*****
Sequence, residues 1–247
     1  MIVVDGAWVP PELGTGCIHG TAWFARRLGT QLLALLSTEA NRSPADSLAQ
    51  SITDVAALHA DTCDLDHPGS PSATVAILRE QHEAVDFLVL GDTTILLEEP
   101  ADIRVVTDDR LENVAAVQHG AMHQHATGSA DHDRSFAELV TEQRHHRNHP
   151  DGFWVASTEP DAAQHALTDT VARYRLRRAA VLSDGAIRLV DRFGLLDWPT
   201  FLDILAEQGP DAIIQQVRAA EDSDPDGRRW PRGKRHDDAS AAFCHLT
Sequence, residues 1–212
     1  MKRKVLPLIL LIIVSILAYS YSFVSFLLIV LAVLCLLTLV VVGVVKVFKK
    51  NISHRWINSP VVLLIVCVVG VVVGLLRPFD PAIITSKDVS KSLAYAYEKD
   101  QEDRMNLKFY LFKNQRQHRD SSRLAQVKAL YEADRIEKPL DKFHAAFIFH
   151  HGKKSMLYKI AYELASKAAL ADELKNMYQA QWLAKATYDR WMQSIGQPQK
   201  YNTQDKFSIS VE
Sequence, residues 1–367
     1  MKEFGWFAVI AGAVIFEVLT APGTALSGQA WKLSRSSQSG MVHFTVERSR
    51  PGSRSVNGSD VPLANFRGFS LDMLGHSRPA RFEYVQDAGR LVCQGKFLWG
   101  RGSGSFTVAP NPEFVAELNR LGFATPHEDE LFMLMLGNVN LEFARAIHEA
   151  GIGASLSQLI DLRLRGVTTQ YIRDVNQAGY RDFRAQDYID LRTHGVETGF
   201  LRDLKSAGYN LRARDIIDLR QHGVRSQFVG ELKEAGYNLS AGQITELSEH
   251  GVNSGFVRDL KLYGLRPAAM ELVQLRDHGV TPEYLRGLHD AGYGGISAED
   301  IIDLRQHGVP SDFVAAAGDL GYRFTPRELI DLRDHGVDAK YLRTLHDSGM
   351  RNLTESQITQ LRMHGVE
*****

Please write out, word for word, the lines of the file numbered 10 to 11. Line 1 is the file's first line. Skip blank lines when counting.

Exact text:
   101  QEDRMNLKFY LFKNQRQHRD SSRLAQVKAL YEADRIEKPL DKFHAAFIFH
   151  HGKKSMLYKI AYELASKAAL ADELKNMYQA QWLAKATYDR WMQSIGQPQK